​VERA FILES FACT SHEET: Uson leaves gov’t with three cases before Ombudsman

While vowing to bring war against some lawmakers and critics of the Duterte administration, resigned Presidential Communications Operations Office Assistant Secretary Mocha Uson will continue to be beset by for battles before the Office of the Ombudsman.

She exits government with three complaints filed against her before the anti-graft body.

The first was filed in September 2017 by Sen. Antonio Trillanes IV for three counts of online libel for spreading “false and malicious” allegations on his supposed offshore bank accounts (See VERA FILES FACT SHEET: What is malice in libel cases?. Also see VERA FILES FACT CHECK: Use of ‘alleged’ not a defense against libel).

The second, also for spreading “fake news,” was filed in April 2017 by Akbayan Youth who charged her with grave misconduct, serious dishonesty and conduct prejudicial to the best interest of service.

The latest was filed on Sept. 20 by advocates for persons with disabilities (PWDs) for mocking the sign language in a viral Facebook video. A similar complaint has been filed against Uson and fellow blogger Drew Olivar before the Commission on Human Rights.

PWD advocates have charged Uson with violating the Code of Conduct and Ethical Standards for Public Officials and Employees, Civil Code of the Philippines, Cybercrime Prevention Act, Magna Carta for Persons with Disability, and the United Nations Convention on the Rights of Persons with Disabilities

National Council on Disability Affairs Executive Director Carmen Reyes-Zubiaga said Uson and Olivar indeed violated the Magna Carta for PWDs and the code of conduct for government officials.

Both Uson and Olivar have issued a public apology.

Below are some quick facts relevant to the latest complaint.

What provisions of the Magna Carta for PWDs did Uson and Olivar violate?

Republic Act 9442, the amended Magna Carta for PWDs, prohibits verbal, nonverbal, ridicule and vilification against PWDs.

Article 4, Section 39 of the law defines public ridicule “as an act of making fun or contemptuous imitating or making mockery of persons with disability whether in writing, or in words, or in action due to their impairment/s.”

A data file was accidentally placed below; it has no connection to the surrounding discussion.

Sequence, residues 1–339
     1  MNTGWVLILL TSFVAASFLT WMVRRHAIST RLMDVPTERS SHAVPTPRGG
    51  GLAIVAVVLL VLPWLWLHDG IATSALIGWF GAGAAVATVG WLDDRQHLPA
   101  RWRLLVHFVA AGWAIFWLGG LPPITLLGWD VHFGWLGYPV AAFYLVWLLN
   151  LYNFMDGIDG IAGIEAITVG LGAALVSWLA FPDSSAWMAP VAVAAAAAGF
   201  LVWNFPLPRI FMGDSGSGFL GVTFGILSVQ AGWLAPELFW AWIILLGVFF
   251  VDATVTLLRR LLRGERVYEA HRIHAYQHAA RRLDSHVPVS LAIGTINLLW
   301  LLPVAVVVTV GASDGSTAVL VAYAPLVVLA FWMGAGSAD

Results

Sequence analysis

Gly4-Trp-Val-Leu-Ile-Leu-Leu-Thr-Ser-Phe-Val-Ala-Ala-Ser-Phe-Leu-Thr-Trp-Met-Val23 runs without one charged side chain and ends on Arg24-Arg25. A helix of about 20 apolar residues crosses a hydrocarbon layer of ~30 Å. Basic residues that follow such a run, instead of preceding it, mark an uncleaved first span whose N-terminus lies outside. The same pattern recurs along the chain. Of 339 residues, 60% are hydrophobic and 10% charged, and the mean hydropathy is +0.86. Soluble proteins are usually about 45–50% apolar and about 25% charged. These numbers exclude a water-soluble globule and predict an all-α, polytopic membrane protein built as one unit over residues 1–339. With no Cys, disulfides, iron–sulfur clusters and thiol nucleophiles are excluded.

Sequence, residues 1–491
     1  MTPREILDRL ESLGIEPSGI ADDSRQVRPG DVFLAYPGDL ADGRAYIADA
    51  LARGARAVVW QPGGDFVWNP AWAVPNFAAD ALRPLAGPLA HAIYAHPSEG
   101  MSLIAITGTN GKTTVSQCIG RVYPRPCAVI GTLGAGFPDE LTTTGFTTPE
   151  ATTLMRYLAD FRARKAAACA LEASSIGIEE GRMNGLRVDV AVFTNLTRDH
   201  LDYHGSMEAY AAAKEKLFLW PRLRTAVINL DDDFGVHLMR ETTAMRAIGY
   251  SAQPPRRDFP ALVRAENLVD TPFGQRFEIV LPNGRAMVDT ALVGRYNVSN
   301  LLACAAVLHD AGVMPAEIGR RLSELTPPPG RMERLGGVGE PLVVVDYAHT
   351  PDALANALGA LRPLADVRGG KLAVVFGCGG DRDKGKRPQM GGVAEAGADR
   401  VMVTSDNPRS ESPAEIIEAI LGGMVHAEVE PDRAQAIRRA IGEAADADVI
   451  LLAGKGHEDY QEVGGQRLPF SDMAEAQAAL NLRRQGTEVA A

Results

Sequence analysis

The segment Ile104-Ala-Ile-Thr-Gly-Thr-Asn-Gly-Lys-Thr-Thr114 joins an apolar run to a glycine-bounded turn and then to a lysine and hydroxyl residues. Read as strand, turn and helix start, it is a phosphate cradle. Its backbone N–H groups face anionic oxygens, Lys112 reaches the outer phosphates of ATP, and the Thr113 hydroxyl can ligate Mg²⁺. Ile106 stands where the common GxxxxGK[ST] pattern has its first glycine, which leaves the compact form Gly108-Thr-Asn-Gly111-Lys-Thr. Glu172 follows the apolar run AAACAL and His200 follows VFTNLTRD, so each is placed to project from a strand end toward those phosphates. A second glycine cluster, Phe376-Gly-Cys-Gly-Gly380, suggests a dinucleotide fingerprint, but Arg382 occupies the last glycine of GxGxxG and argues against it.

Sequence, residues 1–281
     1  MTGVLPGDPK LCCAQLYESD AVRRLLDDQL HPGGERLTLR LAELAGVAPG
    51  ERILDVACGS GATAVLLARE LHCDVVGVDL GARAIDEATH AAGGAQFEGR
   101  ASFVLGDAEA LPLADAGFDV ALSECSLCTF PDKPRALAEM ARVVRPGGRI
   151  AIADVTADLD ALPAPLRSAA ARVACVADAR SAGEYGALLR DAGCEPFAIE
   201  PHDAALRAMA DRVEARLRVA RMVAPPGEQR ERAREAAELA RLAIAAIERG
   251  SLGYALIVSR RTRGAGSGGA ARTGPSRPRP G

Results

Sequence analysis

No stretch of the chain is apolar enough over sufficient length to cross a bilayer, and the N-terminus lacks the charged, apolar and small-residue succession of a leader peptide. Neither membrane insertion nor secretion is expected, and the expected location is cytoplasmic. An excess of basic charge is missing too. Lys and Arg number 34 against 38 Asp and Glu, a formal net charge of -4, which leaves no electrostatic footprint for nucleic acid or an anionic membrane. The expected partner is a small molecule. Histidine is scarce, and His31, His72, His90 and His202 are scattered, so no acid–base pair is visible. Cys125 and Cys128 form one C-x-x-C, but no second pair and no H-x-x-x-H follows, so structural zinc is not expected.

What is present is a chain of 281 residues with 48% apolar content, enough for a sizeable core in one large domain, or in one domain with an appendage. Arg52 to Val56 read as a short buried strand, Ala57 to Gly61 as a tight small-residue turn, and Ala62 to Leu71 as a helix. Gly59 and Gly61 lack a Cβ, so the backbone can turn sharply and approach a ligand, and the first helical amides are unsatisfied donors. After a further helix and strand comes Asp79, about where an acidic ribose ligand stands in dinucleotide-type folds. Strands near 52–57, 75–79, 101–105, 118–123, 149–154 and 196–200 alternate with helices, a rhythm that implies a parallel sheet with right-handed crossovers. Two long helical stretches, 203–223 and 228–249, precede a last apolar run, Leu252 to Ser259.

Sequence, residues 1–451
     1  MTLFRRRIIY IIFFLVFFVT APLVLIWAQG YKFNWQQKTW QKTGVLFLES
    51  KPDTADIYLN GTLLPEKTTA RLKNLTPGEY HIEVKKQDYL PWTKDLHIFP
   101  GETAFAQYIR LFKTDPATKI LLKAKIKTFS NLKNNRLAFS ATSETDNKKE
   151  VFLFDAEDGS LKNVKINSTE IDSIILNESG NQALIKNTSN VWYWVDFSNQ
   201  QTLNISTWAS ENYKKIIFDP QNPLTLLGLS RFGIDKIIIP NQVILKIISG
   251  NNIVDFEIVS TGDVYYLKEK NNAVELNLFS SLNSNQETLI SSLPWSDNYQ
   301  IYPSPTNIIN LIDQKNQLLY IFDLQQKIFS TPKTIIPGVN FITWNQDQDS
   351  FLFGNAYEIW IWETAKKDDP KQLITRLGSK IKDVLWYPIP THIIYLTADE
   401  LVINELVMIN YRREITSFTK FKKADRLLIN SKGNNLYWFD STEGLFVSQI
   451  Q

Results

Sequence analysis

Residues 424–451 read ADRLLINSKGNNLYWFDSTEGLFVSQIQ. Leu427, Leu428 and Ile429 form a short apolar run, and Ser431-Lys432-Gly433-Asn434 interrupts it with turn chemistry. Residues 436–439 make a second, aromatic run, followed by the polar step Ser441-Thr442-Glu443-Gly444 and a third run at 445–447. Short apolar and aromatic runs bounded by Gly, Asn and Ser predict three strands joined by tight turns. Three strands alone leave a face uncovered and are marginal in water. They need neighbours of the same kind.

Section 40 further states:

No individual, group or community shall execute any of these acts of ridicule against persons with disability in any time and place which could intimidate or result in loss of self-esteem of the latter.

The first violation carries a fine of from P50,000 to P100,000 or imprisonment of from six months to two years, or both. Any subsequent violation is punishable by a fine of from P100,000 to P200,000 or imprisonment of from two years to six years, or both.

How is the United Nations convention on PWDs applicable to the complaint against Uson and Olivar?

The Philippines is a signatory to the United Nations Convention on the Rights of Persons With Disabilities (UNCRPD), which seeks to promote and protect the rights and dignity of PWDs.

Article 15 of the convention states that countries must protect the physical and mental integrity of persons with disabilities. It guarantees them freedom from torture and from cruel, inhuman or degrading treatment or punishment, and prohibits medical or scientific experiments without the consent of the person concerned.

Article 9, which focuses on accessibility, requires countries to identify and eliminate obstacles and barriers and ensure that persons with disabilities can access their environment, transportation, public facilities and services, and information and communications technologies.

Why is the code of conduct for government officials relevant to the case?

Republic Act 6713, or the Code of Conduct and Ethical Standards for Public Officials and Employees, admonishes civil servants against discrimination.

Section 4(c) states:

Justness and sincerity. — Public officials and employees shall remain true to the people at all times. They must act with justness and sincerity and shall not discriminate against anyone, especially the poor and the underprivileged.